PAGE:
In the autumn of 1983 I had never even heard of the Fieldens of Todmorden. Perhaps the name may once have rung faintly at the back of my mind in connection with the '0' Level History classes of far off schooldays; but if it ever did, it had certainly been consigned to oblivion long ago. Even if I had, in the course of my casual reading ever encountered the name, I would never have thought of it as the potential subject for a book.
On 19th January 1984 1 was chatting with one of my neighbours in Mytholmroyd, Kevin Hoyle. He knew of my interest in local history and told me that he had temporarily acquired some old papers from an acquaintance, papers that I might perhaps find interesting? The material, he informed me, related to the Fielden Family of Todmorden, who were local manufacturers. I was interested, though more casually than seriously, and told him that I would certainly like to have a look at the stuff, even though the Fieldens and their world were quite unknown to me.
That evening he presented me with a rather battered looking manilla envelope crammed full of old papers. Some were older than others, the most venerable of them being a parchment dating from the reign of James I, an indenture referring to a marriage settlement involving one Ralph Elmston, yeoman of Kent. Here was treasure indeed! This parchment, however, proved to be the odd one out, for, with the sole exception of an 18th century copy of 'The Spectator', all the other documents were connected with the radical political movements of the early 19th century, The 'Ten Hours' Movement and the Fieldens. For the most part, the papers were political pamphlets produced by the Lancashire Central Short Time Committee, usually referring to the efforts of John Fielden M.P. in attempting to obtain a 'Ten Hours Bill'. There was a copy of Cobbett's Political Register, and various tracts on various subjects published by John Fielden's sons. But most interesting of all were the letters, which (with the sole exception of one written by Samuel Fielden whilst in Liverpool) were all written by John Fielden's second daughter, Mary, mainly to her brother John, who was at boarding school in Liverpool at the time (1836).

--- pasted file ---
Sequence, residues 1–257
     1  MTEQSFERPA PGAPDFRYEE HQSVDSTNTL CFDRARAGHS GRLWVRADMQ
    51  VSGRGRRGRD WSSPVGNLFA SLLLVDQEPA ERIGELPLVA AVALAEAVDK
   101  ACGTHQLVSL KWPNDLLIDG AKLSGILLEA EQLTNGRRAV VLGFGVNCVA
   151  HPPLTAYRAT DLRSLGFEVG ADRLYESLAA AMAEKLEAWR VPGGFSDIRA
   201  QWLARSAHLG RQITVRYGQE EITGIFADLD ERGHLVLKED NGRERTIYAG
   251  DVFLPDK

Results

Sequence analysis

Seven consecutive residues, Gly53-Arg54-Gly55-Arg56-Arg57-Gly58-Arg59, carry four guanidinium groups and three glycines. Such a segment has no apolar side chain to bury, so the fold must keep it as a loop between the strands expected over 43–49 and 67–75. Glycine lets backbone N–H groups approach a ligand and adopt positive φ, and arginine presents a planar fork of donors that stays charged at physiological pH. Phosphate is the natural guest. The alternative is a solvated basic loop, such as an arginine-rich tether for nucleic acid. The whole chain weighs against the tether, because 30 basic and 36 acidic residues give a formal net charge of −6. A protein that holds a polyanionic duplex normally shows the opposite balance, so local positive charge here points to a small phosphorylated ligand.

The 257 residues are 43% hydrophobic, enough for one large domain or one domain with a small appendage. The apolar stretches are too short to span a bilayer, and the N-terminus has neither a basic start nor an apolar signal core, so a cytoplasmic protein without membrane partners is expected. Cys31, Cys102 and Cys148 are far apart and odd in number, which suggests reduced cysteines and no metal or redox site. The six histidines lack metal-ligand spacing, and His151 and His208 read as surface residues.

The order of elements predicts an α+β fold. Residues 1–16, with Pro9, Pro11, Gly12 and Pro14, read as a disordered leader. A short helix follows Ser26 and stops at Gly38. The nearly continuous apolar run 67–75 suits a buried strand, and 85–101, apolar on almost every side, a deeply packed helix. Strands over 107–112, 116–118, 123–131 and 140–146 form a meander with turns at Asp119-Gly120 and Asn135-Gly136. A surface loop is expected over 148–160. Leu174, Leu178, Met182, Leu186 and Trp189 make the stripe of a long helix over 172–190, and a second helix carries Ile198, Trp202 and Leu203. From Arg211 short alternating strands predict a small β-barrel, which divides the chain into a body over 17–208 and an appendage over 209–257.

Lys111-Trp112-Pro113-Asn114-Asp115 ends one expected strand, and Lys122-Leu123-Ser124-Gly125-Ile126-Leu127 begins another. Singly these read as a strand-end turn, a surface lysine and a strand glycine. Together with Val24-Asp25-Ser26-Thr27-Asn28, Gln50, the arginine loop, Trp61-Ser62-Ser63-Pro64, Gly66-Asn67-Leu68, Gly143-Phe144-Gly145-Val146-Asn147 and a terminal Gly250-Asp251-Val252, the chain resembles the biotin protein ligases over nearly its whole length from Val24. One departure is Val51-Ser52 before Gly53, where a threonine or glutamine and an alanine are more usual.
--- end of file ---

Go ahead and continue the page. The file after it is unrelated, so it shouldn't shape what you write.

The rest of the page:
Not long after receiving these papers I mentioned them to my sister-in-law Esther, who had recently completed an '0' Level History course at Bradford College. I was surprised to find that she had not only heard of the Fieldens, but wished dearly that she could have had access to material such as this when she was on the course! 'Did I not know' she informed me, 'that John Fielden was an M.P. and a famous radical reformer, a champion of the workers who fought to improve working conditions in factories and mines?' John Fielden was, I was soon to discover, far more than just a mere manufacturer; I was indeed surprised to find out that the tatty looking envelope contained material of immense historical interest.
I quickly realised that all this material belonged in a public record office, and not in a battered envelope in someone's bottom drawer. Here was an untapped source of local history of potential historical value. I later discovered that not even the local libraries could provide all of the pamphlets that were in this little hoard. And as for the letters - they were irreplaceable!
After a month or so of photocopying and recording information contained in the papers, I decided that it was about time I returned them to their rightful owner. I gave them to Kevin, who duly returned them. Shortly afterwards, Kevin, who worked at an old folks home in Rochdale, left his job; and when, sometime later, in the throes of writing The Fielden Trail I asked him for the name of his mysterious `acquaintance' who lent him the papers, I was stunned to find that he could not remember!
I can but hope that the papers (wherever they are) will eventually resurface and find their way into local archives, where they can be well looked after and further studied by anyone wishing to further explore the history of the Fieldens of Todmorden. The Librarian at Todmorden would particularly like to see the papers, and I can only hope that if this book catches the attention of their owner, he will see fit to come forward and take steps to protect these interesting documents from further deterioration.
So it was that Mary Fielden's letters left my life as mysteriously as they had entered it. But she had done her work: in me she had kindled an interest in finding out about her and the great and influential family of which she was a part. With old maps and a notebook I laced up my boots and set off in search of the Fieldens of Todmorden. The result of that quest is this book.
John Fielden M.P.
Copyright Jim Jarratt.
2006 First Published by Smith Settle 1989